The economic invisibility of nature is at the heart of most environmental problems. We live in a world where economics dominate decision making, but the values of nature are economically invisible. The result is a global economy where the destruction of nature is an economically rational choice and the conservation of nature an economically irrational cost.

Natural capital approaches can make the economic values of nature more visible. Quantifying the economic values of nature can be an important conservation tool for some audiences in some circumstances. But such approaches have their limits. Quantifying all of the values we derive from nature is near impossible and attempts to do so are almost always underestimates.

CCI has committed to placing biodiversity at the heart of natural capital. Various CCI partners work on different aspects of biodiversity economics and value. The Natural Capital Programme brings together various partner initiatives and expertise to add value to individual partner activities on biodiversity and natural capital but recognize that, while natural capital approaches are important for conservation, economic valuation of biodiversity represents a specific challenge. Making all the values of biodiversity matter requires understanding how and when to use economic approaches and when to go ‘beyond economics’.

CCI partners have an unparalleled range of expertise and experience relevant to making the values of biodiversity matter across policy, business, finance and civil society.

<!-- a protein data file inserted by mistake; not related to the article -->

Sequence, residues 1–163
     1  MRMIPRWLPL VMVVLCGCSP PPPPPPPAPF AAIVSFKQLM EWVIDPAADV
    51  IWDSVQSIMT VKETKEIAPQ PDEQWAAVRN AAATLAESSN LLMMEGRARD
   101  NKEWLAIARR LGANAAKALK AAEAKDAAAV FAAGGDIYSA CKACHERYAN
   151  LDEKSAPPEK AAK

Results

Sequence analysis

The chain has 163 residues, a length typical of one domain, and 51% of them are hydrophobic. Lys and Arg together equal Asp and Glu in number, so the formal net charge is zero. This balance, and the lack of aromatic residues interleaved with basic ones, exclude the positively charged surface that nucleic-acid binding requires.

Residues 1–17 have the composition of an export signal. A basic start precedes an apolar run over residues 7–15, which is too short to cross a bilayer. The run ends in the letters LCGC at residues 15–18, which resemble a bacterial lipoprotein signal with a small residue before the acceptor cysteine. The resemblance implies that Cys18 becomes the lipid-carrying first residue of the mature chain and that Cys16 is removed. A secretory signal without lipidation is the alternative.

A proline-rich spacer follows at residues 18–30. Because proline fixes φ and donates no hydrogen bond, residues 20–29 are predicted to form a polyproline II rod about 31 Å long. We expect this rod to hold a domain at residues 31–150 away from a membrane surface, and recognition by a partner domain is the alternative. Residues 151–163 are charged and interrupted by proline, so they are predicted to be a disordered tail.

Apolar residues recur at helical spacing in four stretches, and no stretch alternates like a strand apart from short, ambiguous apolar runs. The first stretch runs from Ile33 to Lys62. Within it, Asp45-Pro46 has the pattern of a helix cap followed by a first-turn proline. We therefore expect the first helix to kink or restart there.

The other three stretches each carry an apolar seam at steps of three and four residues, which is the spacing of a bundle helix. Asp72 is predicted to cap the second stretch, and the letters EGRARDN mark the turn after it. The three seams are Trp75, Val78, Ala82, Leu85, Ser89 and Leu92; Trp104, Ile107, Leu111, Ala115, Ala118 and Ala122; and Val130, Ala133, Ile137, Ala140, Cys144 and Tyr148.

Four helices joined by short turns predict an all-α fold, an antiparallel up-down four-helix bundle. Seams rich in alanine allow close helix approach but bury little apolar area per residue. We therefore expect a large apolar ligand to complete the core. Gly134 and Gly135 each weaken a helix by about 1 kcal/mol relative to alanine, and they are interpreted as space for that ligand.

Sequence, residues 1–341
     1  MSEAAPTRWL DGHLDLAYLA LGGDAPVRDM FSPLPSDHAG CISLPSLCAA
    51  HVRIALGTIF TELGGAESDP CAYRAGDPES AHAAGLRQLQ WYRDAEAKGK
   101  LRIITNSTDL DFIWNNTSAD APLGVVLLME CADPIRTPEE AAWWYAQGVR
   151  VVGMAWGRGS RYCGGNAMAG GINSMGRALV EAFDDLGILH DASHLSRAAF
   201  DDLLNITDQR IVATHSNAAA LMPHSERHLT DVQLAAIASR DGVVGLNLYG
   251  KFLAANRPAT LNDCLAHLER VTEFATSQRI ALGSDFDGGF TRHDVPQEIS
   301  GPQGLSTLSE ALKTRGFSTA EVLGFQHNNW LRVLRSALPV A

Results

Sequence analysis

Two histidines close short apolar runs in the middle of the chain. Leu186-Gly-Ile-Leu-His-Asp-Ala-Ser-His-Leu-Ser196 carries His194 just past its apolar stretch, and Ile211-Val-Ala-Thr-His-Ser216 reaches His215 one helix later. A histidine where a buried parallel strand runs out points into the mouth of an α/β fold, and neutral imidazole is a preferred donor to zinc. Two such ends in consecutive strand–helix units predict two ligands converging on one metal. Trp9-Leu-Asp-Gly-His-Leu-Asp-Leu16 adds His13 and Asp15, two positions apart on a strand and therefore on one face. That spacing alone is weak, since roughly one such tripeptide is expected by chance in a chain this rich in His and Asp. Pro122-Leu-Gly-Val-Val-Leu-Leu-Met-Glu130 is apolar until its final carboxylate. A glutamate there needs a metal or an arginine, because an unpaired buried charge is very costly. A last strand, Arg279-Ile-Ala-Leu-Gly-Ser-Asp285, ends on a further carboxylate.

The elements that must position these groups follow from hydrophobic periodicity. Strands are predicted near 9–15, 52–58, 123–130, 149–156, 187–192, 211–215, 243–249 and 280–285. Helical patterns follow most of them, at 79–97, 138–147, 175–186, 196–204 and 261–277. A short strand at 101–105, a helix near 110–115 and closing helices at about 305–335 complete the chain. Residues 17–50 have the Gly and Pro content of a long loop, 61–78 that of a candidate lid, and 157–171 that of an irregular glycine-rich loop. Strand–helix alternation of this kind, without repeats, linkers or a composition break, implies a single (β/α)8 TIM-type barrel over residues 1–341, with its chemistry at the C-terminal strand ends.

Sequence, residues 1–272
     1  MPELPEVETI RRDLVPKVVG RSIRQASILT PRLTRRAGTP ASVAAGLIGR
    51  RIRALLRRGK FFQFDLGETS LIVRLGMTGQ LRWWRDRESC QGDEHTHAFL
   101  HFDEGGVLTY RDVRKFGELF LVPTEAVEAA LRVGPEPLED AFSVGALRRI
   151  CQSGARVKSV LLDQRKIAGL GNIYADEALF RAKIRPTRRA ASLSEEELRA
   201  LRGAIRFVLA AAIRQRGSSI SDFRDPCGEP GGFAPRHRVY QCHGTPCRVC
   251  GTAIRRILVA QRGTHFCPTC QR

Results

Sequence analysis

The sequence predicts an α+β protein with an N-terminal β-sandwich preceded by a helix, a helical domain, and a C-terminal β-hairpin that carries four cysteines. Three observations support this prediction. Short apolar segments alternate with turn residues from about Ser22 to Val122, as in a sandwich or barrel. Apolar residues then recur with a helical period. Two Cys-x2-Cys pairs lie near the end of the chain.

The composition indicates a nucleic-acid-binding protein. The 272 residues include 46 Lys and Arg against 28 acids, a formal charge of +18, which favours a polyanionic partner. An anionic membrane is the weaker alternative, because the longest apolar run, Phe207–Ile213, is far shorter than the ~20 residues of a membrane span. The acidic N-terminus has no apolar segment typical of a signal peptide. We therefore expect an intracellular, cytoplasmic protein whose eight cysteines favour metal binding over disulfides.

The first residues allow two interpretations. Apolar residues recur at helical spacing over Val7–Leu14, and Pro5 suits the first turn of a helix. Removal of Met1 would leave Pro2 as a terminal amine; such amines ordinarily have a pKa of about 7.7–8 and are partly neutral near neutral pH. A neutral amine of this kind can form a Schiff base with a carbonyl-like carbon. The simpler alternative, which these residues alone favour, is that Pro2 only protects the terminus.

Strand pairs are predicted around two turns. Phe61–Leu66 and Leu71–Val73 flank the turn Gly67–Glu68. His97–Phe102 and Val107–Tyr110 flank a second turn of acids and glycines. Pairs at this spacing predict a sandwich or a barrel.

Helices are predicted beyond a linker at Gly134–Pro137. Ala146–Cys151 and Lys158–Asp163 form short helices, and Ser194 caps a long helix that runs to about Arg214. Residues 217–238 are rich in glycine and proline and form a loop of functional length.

Within the University, the Conservation Research Institute includes some 40 researchers working on different aspects of the value of nature. The Bennet Institute for Public Policy and Centre for Science and Policy specialise in policy engagement whilst the Judge Business School and Institute of Sustainability Leadership specialise in business engagement.

Within the non-University partners, UN Environment WCMC is active in national accounting for environmental values and a number of international green growth initiatives, IUCN is a partner in the global ‘We Value Nature’ Programme and is leading the development of a global policy on natural capital, FFI and BirdLife work closely with business and policy makers on conservation across the world and the RSPB has a strong role in UK policy on natural capital as well as demonstrating natural capital accounting and ecosystem flows across its sites.